The Japan Pavilion at Rio+20 showcased Japan's advanced environment and energy-saving technology while demonstrating reconstruction efforts after the Great East Japan Earthquake. Japan also held an official side event on "Future City". (Note 1)

3. Green Future Initiative

At Rio+20, Japan presented the "Green Future" Initiatives built on three concepts: (i) spreading environmentally friendly future city to the world; (ii) contributing to the global shift towards a green economy; and (iii) building resilient societies.

Under these Initiatives, Japan will use its advanced environmental and low-carbon technologies, knowledge and experience to proactively contribute to the global transition to a green economy. Towards that end, Japan will form a Green Future Action Corps involving about 10,000 experts over the next three years to support human resources development in developing countries. Japan will also provide $3 billion over the next three years to help developing countries with their shifts toward green economy.

The Great East Japan Earthquake was a major disaster for Japan. Over the next three years, Japan will use the experience it has gained from the reconstruction process and provide $3 billion to sectors involved in disaster reduction in developing countries to help them build resilient societies that can persevere in the face of natural disasters.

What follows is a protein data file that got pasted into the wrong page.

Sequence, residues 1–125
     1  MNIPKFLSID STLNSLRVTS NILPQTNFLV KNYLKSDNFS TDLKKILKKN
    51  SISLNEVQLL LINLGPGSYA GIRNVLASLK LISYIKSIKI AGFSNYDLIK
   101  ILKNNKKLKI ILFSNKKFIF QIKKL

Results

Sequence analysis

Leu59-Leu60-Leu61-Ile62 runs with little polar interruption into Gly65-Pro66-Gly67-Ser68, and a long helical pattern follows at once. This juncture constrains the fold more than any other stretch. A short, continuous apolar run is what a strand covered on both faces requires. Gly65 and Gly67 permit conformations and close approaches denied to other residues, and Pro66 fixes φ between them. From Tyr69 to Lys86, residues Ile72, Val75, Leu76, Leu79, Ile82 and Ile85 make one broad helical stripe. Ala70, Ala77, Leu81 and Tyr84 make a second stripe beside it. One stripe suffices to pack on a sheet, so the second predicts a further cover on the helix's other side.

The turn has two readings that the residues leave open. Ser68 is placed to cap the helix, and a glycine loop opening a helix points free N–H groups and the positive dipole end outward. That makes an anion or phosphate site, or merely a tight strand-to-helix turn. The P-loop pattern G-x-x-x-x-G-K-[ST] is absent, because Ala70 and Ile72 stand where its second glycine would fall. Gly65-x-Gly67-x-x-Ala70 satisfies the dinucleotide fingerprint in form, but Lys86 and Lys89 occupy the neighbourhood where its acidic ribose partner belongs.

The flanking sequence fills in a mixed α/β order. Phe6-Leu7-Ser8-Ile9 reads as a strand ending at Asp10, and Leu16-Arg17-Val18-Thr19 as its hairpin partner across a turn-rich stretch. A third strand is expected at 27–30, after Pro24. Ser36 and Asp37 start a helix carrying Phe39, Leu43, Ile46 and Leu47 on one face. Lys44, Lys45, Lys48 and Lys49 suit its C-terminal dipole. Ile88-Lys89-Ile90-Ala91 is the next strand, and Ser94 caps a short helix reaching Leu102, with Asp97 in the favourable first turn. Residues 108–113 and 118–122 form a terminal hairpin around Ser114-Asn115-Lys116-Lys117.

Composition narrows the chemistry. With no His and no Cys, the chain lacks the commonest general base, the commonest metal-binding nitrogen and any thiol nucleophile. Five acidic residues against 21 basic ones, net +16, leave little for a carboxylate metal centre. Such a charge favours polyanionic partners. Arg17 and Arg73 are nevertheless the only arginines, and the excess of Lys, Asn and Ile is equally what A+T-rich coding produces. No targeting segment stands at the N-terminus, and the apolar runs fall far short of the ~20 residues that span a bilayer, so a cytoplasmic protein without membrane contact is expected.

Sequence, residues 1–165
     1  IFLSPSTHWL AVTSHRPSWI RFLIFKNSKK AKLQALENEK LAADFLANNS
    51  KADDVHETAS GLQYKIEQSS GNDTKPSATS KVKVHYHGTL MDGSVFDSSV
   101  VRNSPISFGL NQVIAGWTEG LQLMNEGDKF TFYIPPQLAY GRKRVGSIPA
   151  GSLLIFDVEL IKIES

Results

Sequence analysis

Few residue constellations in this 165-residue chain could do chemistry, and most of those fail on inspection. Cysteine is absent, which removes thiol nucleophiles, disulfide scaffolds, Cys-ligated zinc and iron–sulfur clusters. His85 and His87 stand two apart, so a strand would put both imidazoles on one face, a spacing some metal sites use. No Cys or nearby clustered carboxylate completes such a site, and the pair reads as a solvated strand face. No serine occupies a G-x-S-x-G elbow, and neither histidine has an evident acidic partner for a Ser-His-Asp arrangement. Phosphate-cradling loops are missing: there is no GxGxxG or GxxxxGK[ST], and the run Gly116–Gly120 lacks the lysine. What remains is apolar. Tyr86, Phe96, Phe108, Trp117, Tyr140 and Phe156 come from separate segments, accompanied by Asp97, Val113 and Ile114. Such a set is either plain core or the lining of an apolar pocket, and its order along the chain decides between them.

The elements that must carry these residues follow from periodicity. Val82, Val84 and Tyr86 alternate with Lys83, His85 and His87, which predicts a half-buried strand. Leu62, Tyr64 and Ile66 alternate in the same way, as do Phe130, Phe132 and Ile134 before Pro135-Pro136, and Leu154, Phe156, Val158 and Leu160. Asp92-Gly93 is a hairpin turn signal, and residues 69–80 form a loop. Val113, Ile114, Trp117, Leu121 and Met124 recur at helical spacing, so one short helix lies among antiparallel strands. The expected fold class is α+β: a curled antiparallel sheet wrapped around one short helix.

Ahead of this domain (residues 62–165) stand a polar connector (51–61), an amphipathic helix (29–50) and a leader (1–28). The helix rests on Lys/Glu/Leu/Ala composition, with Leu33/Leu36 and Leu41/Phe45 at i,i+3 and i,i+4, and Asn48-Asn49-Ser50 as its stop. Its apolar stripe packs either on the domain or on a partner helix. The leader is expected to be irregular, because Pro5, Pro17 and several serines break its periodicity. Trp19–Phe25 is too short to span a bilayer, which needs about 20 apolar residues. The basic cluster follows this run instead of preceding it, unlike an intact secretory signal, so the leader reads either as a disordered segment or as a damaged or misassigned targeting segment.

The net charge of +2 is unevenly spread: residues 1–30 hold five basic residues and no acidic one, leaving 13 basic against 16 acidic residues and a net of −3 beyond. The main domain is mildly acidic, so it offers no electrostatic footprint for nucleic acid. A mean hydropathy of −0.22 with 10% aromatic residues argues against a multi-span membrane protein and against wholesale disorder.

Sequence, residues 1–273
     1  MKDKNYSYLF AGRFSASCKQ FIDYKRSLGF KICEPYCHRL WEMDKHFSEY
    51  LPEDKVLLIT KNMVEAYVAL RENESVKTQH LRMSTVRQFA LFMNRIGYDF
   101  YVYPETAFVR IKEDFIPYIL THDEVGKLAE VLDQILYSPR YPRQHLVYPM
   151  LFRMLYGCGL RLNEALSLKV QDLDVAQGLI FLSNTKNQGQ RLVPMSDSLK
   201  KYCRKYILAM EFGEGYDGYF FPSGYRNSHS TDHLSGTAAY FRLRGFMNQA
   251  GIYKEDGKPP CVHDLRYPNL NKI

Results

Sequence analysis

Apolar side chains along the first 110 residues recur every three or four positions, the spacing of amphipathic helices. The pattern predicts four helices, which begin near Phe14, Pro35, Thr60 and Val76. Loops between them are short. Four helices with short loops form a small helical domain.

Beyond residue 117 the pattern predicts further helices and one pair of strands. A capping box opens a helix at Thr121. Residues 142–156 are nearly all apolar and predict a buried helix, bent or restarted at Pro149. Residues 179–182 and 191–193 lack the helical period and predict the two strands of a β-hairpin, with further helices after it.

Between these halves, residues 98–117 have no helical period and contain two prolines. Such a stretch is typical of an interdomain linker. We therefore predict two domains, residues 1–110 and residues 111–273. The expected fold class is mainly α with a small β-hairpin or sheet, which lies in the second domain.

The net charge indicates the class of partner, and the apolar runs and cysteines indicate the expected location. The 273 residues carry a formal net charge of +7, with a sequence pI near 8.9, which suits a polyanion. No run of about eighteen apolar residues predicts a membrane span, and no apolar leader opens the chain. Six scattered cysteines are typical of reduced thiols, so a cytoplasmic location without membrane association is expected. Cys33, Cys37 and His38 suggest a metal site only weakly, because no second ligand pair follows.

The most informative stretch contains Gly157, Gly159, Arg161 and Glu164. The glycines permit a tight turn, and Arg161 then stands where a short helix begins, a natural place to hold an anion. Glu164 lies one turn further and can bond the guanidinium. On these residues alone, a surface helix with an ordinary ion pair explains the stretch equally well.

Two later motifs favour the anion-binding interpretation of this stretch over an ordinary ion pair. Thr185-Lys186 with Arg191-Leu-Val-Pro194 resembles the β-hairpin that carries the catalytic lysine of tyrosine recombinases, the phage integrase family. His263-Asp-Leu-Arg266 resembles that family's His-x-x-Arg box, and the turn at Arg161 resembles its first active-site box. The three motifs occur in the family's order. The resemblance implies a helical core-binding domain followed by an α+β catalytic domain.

Roughly half of the world's population currently lives in urban areas and the urban population will likely increase in the future. It is necessary to build sustainable cities with environmental technology, core infrastructure and resilience. Each year, Japan will invite 100 urban planners from developing countries to share its experience in reconstructing disaster-stricken areas simultaneously. Japan will also hold an international conference in the future to enhance its network of international cooperation to determine the best ways to develop cities. Through these specific efforts, Japan continues to contribute to sustainable development.

*Green Economy
An economic system which promotes sustainable growth while improving human welfare, by pursuing economic growth and the environmental conservation in tandem. Green Economy was recognized at Rio+20 as important toward achieving sustainable development.
*Sustainable Development Goals (SDGs)
Development goals discussed at Rio+20. Participants agreed to begin the intergovernmental negotiation process to meet SDGs. SDGs apply to all countries but take into account the capabilities of each. They are supposed to be incorporated into the post-2015 UN development agenda. Specific fields have not yet been named, but details will be discussed in the near future.

Note 1: Relevant exhibits and seminars put on by governments, international organizations, local governments and NGOs in nearby conference halls during Rio+20.